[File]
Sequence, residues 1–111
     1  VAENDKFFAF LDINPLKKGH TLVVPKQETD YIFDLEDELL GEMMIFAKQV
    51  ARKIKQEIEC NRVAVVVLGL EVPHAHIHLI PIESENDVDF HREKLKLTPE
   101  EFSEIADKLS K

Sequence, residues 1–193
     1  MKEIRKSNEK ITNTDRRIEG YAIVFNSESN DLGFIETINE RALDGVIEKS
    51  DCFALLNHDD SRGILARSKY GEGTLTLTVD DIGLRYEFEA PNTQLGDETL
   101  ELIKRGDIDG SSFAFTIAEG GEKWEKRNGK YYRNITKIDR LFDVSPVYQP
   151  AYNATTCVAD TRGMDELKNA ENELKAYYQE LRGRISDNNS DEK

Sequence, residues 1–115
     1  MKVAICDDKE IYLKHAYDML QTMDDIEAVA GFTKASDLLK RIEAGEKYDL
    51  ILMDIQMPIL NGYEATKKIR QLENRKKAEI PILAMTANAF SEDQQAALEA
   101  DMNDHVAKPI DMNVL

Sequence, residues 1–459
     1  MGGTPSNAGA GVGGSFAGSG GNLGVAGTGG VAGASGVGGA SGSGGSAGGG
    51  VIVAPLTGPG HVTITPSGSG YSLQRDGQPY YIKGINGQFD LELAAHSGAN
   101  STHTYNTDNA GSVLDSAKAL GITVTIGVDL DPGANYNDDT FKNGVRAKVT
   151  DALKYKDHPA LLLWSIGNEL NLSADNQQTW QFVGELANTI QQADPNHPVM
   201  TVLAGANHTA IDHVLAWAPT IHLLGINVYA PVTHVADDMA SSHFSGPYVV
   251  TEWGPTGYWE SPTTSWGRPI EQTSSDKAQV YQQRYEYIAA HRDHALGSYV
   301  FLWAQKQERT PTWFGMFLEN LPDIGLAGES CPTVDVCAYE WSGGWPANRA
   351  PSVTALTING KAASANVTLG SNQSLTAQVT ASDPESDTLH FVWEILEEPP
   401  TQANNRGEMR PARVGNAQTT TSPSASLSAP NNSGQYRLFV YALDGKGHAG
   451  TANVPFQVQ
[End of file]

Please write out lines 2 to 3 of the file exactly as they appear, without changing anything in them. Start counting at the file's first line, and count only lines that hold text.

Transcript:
     1  VAENDKFFAF LDINPLKKGH TLVVPKQETD YIFDLEDELL GEMMIFAKQV
    51  ARKIKQEIEC NRVAVVVLGL EVPHAHIHLI PIESENDVDF HREKLKLTPE